cd.Behaviors.Add(new MyInstanceProvider(dep));
        }
    }
}

public class MyInstanceProvider : IInstanceProvider, IContractBehavior
{
    private readonly IDependency dep;

    public MyInstanceProvider(IDependency dep)
    {
        if (dep == null)
        {
            throw new ArgumentNullException("dep");
        }

        this.dep = dep;
    }

    #region IInstanceProvider Members

    public object GetInstance(InstanceContext instanceContext, Message message)
    {
        return this.GetInstance(instanceContext);
    }

    public object GetInstance(InstanceContext instanceContext)
    {
        return new MyService(this.dep);
    }

    public void ReleaseInstance(InstanceContext instanceContext, object instance)
    {
        var disposable = instance as IDisposable;
        if (disposable != null)
        {
            disposable.Dispose();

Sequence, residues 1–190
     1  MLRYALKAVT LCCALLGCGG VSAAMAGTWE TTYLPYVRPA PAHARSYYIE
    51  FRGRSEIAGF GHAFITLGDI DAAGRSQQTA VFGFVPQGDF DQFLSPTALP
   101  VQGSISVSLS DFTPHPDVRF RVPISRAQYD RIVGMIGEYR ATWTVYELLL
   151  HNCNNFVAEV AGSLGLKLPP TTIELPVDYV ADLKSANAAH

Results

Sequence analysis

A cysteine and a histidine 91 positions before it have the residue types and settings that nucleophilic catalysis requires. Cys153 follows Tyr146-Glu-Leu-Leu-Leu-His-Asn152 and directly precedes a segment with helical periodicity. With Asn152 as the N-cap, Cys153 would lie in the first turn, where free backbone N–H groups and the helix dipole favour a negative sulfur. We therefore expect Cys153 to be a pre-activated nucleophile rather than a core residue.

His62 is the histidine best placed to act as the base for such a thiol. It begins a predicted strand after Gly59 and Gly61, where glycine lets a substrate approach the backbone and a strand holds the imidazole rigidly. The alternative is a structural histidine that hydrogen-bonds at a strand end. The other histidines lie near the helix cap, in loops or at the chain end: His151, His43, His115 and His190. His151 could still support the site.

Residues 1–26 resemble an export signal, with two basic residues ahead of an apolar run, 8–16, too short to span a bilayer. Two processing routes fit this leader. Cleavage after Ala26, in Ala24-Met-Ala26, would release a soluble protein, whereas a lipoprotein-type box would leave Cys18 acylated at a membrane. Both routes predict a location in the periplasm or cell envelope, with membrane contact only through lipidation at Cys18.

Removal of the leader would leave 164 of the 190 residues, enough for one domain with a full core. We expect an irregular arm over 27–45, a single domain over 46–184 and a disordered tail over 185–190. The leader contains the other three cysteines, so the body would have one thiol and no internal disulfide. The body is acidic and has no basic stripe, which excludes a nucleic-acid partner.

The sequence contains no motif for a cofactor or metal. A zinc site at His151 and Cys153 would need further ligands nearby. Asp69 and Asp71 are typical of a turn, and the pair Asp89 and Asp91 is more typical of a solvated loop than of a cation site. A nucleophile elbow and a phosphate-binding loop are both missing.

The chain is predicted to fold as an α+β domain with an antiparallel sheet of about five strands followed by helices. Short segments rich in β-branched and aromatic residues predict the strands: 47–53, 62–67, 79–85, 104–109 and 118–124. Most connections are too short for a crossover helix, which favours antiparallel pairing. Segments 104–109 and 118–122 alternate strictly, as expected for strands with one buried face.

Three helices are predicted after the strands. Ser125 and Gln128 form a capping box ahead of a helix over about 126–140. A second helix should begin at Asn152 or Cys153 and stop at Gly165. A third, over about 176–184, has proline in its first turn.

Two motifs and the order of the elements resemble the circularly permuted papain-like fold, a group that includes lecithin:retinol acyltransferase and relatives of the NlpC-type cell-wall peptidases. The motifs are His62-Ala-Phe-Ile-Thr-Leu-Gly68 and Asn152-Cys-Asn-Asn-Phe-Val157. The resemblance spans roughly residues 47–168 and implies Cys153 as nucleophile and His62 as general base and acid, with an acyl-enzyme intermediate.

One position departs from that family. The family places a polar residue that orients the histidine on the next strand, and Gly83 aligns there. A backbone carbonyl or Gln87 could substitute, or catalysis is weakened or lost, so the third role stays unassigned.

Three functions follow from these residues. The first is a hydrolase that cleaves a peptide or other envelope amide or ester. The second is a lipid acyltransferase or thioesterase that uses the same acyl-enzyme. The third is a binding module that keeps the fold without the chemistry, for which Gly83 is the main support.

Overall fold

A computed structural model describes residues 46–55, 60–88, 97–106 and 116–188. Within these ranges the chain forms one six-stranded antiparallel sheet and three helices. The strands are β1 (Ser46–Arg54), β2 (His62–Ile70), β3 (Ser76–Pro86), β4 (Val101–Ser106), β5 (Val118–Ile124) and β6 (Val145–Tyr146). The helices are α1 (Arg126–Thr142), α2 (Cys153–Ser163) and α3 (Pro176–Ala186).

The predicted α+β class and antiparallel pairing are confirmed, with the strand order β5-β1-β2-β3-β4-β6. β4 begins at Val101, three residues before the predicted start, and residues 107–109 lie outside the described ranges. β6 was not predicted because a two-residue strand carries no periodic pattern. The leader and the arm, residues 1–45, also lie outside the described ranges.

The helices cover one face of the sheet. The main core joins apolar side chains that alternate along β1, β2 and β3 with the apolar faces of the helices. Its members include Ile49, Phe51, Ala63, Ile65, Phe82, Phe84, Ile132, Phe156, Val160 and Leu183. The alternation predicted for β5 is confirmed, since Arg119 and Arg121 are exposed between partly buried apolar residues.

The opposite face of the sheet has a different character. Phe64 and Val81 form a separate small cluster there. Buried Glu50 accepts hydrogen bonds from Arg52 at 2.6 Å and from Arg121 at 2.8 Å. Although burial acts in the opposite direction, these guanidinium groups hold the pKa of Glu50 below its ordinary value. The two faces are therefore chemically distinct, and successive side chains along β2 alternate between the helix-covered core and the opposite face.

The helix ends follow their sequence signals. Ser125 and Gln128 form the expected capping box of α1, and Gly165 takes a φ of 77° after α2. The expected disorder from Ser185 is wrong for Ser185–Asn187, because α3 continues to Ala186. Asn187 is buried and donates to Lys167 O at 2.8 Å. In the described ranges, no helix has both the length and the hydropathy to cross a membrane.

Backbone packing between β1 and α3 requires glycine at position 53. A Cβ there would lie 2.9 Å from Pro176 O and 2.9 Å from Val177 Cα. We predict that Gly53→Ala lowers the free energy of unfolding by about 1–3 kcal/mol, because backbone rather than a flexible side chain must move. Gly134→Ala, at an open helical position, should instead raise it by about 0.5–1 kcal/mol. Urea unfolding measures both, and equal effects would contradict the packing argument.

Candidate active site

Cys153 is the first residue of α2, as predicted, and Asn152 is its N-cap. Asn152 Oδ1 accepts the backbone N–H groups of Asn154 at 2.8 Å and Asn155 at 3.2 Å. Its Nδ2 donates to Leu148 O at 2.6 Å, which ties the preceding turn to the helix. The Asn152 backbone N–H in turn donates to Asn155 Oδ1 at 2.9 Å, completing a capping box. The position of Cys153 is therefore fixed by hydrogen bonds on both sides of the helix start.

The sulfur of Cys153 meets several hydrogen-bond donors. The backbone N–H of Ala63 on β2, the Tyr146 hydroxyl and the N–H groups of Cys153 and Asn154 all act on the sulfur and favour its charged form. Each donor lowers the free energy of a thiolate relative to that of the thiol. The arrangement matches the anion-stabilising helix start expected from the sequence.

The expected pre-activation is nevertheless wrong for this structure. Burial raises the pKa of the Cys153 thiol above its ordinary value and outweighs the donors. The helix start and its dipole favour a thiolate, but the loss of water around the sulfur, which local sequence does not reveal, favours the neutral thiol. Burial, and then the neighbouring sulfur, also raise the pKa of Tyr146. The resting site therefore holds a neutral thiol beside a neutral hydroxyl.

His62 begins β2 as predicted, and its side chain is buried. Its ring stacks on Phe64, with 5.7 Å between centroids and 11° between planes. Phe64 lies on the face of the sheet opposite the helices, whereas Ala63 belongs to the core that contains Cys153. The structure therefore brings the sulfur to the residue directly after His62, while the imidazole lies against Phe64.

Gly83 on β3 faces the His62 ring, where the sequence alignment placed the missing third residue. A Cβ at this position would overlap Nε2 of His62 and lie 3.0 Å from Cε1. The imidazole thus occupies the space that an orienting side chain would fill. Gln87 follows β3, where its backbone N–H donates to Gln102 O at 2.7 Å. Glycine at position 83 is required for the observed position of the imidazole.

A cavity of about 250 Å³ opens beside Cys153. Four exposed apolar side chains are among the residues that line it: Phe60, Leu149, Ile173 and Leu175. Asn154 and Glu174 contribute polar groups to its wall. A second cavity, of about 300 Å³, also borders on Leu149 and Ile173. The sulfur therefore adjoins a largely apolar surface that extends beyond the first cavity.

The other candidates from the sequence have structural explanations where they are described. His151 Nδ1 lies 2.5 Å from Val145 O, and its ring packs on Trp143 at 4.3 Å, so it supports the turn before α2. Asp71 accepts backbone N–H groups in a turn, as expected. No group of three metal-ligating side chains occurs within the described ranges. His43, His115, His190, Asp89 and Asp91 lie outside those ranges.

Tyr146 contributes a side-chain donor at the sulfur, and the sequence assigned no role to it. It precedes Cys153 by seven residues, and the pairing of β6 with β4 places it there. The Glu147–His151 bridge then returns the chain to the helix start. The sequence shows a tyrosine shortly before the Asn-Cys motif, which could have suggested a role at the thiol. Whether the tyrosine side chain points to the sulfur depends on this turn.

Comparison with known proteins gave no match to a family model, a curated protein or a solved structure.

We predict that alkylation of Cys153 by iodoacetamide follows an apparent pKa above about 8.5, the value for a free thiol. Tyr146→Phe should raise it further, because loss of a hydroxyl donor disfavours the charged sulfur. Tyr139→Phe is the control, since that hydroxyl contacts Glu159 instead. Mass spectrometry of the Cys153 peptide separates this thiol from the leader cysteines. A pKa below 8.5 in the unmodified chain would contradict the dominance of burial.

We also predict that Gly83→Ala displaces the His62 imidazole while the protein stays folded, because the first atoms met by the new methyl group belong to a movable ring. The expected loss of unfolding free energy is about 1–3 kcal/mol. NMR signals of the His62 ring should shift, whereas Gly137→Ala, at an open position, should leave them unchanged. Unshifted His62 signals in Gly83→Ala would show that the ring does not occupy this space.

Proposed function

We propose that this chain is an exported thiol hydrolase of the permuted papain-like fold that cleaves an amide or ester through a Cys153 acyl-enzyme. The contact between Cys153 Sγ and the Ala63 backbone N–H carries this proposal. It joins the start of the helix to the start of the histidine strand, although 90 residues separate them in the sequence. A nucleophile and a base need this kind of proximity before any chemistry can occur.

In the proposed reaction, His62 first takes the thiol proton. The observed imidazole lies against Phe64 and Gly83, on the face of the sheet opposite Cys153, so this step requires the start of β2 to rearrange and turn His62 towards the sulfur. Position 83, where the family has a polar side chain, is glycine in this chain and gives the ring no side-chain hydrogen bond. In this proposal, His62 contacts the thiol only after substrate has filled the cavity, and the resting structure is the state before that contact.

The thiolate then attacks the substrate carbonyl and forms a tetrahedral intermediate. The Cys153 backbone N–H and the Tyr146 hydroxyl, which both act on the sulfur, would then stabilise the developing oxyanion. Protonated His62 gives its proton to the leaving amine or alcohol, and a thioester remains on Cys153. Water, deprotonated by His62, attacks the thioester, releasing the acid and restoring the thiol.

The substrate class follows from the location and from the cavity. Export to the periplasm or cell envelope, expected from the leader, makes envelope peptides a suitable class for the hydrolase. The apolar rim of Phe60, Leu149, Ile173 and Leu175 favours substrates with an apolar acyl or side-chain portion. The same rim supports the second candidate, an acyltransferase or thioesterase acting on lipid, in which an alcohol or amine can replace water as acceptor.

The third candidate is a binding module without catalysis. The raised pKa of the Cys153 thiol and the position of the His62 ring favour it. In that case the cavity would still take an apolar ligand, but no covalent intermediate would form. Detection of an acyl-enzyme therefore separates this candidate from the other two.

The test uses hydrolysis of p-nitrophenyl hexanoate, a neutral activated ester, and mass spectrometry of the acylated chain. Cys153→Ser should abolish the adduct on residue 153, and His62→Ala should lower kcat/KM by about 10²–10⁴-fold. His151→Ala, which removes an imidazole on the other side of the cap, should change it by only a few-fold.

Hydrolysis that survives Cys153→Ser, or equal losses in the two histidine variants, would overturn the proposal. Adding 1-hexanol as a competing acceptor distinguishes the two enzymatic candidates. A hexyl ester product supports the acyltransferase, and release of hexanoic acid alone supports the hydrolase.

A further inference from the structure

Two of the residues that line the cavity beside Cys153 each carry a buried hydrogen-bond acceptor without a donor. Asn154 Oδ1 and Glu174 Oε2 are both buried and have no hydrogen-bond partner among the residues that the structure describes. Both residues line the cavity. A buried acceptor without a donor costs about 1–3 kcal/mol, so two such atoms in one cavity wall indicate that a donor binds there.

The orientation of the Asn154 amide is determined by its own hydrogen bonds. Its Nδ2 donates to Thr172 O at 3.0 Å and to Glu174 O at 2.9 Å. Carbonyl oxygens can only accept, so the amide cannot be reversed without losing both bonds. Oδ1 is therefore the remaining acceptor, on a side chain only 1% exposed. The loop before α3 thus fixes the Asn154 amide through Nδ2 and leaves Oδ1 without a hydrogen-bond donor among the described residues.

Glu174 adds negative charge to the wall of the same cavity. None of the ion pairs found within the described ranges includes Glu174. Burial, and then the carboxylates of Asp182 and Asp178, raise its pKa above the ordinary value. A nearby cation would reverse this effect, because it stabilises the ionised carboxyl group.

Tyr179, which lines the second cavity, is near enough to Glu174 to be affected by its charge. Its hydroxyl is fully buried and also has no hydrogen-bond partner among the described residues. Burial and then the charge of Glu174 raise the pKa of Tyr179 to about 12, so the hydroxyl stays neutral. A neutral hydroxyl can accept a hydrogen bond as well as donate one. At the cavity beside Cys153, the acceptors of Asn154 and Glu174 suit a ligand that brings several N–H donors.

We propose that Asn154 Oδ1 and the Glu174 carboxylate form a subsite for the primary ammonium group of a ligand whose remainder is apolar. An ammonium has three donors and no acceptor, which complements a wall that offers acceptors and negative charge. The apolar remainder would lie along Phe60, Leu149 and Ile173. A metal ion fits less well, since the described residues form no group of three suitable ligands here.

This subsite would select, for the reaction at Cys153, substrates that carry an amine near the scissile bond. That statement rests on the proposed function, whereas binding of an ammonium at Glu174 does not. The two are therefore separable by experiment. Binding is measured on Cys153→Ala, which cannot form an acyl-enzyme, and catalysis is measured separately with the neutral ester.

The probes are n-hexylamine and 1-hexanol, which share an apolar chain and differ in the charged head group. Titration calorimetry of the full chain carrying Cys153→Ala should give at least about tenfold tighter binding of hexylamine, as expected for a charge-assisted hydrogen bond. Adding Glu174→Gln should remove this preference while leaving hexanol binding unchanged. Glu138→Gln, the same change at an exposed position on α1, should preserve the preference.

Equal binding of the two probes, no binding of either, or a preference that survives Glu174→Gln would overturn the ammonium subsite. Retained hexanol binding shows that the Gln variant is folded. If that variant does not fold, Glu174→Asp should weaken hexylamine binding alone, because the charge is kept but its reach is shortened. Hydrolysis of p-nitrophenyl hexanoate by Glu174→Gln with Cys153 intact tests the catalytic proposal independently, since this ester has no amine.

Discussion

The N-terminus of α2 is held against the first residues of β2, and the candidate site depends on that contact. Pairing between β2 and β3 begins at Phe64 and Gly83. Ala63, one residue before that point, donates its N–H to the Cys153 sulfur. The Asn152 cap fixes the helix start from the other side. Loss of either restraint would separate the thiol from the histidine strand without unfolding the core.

}
    }

    #endregion

    #region IContractBehavior Members

    public void AddBindingParameters(ContractDescription contractDescription, ServiceEndpoint endpoint, BindingParameterCollection bindingParameters)
    {
    }

    public void ApplyClientBehavior(ContractDescription contractDescription, ServiceEndpoint endpoint, ClientRuntime clientRuntime)
    {
    }

    public void ApplyDispatchBehavior(ContractDescription contractDescription, ServiceEndpoint endpoint, DispatchRuntime dispatchRuntime)
    {
        dispatchRuntime.InstanceProvider = this;
    }

    public void Validate(ContractDescription contractDescription, ServiceEndpoint endpoint)